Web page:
A proposal to list southern Puget Sound winter chum salmon under the Endangered Species Act has been turned down by federal fishery overseers.
The National Marine Fisheries Service said in a 90-day finding that a prodigious local petitioner’s effort “does not present substantial scientific or commercial information indicating” that Nisqually River and Chambers Creek chums “are a ‘species’ eligible for listing under the ESA.”
The proposal was brought forward by Sam Wright who’d claimed they’re the only two runs of winter chums anywhere in the world and that Chambers fish were diverging from Nisqually dogs.
But the feds say a genetic review found that the stocks “cluster closely with fall-run fish in Puget Sound and Hood Canal’ and that ‘there is no clear genetic evidence to support the idea that the winter-run chum salmon in Puget Sound are substantially reproductively isolated from other chum salmon populations in southern Puget Sound.'”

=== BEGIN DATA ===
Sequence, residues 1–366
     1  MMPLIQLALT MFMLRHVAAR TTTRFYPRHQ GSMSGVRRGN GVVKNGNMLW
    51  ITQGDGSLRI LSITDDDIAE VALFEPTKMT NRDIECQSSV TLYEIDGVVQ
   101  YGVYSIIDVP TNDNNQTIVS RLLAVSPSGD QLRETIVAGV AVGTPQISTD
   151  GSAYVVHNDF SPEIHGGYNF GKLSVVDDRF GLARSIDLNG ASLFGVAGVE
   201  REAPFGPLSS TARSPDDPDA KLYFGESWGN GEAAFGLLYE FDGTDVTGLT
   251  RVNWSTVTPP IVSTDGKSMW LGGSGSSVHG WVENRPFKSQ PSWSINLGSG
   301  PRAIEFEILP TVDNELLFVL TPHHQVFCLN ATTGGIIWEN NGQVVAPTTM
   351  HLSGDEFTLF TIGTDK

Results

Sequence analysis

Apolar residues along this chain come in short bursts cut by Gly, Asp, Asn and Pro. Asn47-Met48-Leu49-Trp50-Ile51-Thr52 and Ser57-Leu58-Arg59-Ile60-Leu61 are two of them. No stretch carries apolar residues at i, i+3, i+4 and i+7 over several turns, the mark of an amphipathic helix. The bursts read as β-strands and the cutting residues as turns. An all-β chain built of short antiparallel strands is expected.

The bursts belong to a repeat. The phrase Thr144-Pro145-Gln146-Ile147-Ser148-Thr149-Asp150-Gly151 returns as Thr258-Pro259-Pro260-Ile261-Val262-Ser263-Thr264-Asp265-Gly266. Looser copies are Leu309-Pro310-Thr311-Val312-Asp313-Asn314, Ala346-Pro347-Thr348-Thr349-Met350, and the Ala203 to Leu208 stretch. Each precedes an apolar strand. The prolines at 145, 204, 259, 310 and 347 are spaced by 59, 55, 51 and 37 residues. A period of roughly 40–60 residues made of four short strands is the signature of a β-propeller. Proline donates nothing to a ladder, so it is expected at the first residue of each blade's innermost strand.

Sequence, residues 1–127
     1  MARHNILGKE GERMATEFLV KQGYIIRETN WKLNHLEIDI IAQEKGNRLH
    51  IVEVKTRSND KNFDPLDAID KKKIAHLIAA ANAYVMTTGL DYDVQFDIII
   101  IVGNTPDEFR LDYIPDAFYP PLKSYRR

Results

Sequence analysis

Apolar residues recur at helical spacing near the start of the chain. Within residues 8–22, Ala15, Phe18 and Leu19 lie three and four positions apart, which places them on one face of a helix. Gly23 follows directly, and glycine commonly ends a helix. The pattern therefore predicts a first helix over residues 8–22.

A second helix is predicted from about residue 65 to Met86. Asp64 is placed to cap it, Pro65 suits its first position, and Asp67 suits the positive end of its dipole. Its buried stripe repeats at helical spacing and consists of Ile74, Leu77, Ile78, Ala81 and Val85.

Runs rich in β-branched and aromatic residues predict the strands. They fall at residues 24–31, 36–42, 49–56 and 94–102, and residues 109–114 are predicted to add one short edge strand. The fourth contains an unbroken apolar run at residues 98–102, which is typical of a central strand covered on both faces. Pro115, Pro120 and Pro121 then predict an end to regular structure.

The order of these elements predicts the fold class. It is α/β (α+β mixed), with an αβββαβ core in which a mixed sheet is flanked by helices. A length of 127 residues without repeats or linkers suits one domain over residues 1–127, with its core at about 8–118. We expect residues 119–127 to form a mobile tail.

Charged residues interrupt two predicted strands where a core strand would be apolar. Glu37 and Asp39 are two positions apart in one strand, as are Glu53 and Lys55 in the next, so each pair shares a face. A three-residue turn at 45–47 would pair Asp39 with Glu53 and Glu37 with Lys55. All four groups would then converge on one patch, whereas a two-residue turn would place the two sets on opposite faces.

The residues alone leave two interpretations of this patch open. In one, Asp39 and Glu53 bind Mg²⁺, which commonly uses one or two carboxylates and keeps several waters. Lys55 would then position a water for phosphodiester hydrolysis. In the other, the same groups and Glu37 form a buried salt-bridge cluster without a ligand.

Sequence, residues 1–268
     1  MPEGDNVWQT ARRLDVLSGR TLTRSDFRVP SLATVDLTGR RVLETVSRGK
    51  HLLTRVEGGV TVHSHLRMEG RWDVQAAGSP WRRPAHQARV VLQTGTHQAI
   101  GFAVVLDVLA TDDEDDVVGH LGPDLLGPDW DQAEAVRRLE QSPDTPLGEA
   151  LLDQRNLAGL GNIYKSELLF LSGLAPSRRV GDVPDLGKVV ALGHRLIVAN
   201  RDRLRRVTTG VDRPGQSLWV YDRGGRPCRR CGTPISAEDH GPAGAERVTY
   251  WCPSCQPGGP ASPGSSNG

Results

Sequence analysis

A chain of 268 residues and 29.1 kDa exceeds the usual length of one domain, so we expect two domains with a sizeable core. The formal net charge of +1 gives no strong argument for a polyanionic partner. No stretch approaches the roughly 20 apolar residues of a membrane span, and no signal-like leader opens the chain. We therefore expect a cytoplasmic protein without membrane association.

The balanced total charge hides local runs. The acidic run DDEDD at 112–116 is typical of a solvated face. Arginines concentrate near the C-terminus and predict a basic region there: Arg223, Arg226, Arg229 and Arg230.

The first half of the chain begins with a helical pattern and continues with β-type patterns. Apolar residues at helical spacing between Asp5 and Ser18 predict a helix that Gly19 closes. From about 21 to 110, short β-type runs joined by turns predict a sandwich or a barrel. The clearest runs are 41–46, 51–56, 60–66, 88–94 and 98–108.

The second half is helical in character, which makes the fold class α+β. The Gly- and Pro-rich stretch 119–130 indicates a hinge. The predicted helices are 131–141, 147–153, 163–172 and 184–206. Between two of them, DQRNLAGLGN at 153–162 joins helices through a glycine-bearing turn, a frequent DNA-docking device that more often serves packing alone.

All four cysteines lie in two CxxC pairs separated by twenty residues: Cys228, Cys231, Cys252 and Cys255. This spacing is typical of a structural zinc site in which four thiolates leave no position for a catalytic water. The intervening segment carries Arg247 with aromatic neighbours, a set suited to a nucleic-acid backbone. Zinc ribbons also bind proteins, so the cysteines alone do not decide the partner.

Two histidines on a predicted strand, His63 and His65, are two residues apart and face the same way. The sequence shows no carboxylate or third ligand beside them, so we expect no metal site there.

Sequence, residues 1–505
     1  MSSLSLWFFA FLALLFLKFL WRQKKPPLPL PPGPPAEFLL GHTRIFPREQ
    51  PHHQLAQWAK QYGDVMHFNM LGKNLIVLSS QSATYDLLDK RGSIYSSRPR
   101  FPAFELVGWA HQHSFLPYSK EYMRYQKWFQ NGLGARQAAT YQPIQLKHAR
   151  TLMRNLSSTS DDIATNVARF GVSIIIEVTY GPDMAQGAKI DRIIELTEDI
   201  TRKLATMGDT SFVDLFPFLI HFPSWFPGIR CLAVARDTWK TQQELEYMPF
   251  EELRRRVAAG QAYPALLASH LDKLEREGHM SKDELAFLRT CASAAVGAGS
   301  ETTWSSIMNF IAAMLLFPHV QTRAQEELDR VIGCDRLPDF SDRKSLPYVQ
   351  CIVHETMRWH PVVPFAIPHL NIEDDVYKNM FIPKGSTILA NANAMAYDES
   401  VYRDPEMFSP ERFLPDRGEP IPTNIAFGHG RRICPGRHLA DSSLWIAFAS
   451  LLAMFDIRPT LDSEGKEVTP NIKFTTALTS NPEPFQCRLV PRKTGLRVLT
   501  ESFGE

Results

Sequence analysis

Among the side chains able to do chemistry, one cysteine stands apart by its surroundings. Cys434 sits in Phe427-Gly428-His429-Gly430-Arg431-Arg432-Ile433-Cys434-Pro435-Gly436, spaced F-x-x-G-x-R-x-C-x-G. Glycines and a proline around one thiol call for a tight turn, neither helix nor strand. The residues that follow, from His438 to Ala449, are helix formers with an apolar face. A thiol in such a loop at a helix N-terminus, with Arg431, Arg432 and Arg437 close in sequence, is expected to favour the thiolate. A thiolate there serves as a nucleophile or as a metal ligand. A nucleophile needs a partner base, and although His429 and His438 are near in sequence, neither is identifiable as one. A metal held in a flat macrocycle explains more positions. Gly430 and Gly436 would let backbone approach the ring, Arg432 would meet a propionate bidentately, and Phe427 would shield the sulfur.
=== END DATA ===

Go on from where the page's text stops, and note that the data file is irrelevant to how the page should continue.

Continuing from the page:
Anglers have kept as many as 1,300 Nisqually chums in recent years, according to state catch card data, and the run has provided for a tribal fishery too, but only one “complete” one in more than half a decade.
If there’s a bigger threat to chums, it might be predation by marine mammals.
A blog posted yesterday on the Northwest Indian Fisheries Commission’s NW Treaty Tribes site said the Nisqually Tribe worries that up to a third of the run is being eaten by seals and sea lions before arriving on the gravel. They’re picking up pinniped poo to analyze how many salmon as well as steelhead are being consumed.
One interesting finding is that orcas may actually help reduce predation.
“We think the orcas either ate a lot of seals or chased them away and affected their behavior, resulting in more steelhead making it out to the ocean,” said the tribe’s David Troutt.
Sam Wright, a retired WDFW biologist, has previously successfully gotten NMFS to list three species of rockfish in Puget Sound, but couldn’t talk them into it for coho.